Thursday, 4 August 2011

The train terminates here, all change…all change.

FRIDAY, 11 JULY 2008

I was at a meeting yesterday, and travelled there by train.

As has become my habit, I use the time to read a few more pages of the book I am still trying to complete (I am half way through and realize I should have been born in the 30s I would have been a great communist!)

As I read the words and turn the pages with the old photographs over I can’t stop thinking about a recent email exchange I have had.

It all started with a “classmates” site.

I found the site sometime in the 90s, as is usual it was mainly occupied by younger generations, but there were also some of my peers, and even a few older.
At the time they included only those dispersed like myself, it seemed a harmless thing to do at the time, and I entered my details.

When I returned recently to remove them I found I had mentioned Arian’s sister’s name as someone I would like to contact.

I was reminded of this site ten months ago
“Who is KH?” asked M
I don’t know I replied
“Well someone by that name has sent you an email”

And so they had, with an accompanying photograph confirming identity.
A colleague from college, and a “locker neighbour” in the first years, a “bench neighbour” in the laboratories, a “group member” in the clinical years, and a “lecture neighbour” for six years.

I replied, we exchanged updates, and swapped pictures from our days as students.

A little later I became included in the “email list” and four months after that first message I heard the first warning bell, a poem.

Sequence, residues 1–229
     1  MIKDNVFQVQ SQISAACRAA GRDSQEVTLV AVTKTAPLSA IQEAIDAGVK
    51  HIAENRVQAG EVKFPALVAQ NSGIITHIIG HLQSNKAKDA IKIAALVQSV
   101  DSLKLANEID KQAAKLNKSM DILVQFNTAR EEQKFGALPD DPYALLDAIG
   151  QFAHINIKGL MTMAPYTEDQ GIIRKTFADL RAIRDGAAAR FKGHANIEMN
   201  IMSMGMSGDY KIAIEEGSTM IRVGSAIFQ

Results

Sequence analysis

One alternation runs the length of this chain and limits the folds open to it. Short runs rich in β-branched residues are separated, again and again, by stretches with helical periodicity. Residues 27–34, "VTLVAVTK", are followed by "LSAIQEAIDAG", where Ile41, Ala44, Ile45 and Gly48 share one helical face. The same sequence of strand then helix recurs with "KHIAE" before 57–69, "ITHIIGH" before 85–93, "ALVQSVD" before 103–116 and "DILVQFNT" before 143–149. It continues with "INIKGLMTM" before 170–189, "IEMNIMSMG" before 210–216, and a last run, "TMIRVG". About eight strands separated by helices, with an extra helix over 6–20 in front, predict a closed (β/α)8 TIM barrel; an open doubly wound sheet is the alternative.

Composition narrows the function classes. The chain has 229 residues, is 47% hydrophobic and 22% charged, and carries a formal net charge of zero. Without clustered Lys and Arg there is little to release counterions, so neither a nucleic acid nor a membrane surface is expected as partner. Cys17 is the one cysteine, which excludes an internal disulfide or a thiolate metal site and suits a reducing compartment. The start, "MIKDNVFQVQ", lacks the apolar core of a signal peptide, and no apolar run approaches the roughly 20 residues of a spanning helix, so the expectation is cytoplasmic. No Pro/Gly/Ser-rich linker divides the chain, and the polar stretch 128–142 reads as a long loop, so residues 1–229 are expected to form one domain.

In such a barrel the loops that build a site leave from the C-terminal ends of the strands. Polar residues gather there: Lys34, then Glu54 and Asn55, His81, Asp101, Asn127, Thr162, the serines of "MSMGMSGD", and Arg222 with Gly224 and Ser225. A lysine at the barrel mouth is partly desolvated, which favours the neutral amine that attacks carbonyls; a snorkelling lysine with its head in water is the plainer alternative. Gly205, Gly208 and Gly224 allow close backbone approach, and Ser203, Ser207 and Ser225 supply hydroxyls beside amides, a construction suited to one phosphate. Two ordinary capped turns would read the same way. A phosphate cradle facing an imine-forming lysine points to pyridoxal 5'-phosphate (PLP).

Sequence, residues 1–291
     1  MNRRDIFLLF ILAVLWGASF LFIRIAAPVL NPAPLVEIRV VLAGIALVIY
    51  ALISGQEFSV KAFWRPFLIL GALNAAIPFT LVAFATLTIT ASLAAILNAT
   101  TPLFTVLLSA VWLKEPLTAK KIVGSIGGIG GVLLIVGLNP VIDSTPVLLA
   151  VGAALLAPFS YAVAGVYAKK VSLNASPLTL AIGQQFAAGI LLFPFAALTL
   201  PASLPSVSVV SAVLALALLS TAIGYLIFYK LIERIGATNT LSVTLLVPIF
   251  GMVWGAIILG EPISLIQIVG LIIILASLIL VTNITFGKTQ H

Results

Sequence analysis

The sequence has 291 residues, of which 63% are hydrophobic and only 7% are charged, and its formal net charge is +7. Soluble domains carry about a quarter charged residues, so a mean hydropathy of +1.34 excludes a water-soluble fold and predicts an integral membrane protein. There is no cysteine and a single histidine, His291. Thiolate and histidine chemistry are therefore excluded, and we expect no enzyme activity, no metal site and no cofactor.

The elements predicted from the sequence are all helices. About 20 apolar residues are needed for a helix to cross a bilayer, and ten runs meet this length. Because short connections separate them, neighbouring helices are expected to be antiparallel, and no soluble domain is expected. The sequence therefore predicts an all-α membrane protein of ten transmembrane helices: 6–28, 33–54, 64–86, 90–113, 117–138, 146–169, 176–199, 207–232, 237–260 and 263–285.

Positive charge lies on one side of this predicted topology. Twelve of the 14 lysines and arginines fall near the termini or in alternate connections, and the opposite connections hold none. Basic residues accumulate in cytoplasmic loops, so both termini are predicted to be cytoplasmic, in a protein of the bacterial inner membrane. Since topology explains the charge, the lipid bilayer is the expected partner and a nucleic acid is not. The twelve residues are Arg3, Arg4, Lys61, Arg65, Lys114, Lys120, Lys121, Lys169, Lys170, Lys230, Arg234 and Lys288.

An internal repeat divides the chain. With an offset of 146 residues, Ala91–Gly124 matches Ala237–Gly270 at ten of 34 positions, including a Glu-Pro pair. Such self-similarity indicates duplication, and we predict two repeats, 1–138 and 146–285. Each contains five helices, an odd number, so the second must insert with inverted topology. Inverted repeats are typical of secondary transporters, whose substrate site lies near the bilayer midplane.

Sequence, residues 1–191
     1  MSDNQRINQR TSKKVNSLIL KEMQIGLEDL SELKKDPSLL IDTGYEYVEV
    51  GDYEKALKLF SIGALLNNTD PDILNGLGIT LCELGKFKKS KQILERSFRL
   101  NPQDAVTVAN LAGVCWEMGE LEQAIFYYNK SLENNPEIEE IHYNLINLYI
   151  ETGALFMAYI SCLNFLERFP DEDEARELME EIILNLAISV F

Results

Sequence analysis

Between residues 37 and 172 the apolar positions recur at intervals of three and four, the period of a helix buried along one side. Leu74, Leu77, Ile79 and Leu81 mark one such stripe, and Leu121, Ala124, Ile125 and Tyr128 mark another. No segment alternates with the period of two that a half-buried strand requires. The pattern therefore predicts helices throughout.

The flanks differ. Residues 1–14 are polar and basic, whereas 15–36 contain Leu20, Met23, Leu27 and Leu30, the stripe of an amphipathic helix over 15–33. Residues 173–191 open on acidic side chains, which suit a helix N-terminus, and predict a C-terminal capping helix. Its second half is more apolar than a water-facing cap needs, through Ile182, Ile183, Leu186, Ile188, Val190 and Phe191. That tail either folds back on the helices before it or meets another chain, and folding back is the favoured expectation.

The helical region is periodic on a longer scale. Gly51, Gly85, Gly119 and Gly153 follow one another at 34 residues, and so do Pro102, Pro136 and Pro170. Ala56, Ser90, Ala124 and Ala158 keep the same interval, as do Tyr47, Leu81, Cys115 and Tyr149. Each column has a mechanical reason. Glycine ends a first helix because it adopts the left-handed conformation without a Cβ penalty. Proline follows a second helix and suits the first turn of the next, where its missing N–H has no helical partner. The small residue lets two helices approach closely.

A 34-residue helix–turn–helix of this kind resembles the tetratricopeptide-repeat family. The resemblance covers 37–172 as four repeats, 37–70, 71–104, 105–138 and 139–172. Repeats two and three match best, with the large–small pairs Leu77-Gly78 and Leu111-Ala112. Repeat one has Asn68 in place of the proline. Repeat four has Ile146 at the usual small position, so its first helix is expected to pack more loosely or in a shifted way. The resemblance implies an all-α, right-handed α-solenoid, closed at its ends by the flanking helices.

I decided not to respond.

Six months and two visits to Baghdad later (with many heart wrenching pictures of no-longer familiar sites) and we both eventually “came out”, albeit by email.

This time the poem was more provocative, the message specific, and the accompanying images touched a raw spot.
Try as I could to be polite I could not withhold a response.

After the initial “aha I caught you out” the reply was three pages of multicoloured text, and the kind of taunts I find myself unable to ignore “the American soldier was the most honourable person to have ever been in that room”.

I did of course have the "last" word, which has been followed by silence.

I realise it has gone really quiet, and look up from the unread pages of my book, to notice that the train has stopped.
Everyone has got out, and the cleaners are emptying the bins.

There are no more stations to travel to together.

The train terminates here, all change…all change.

No comments:

Post a Comment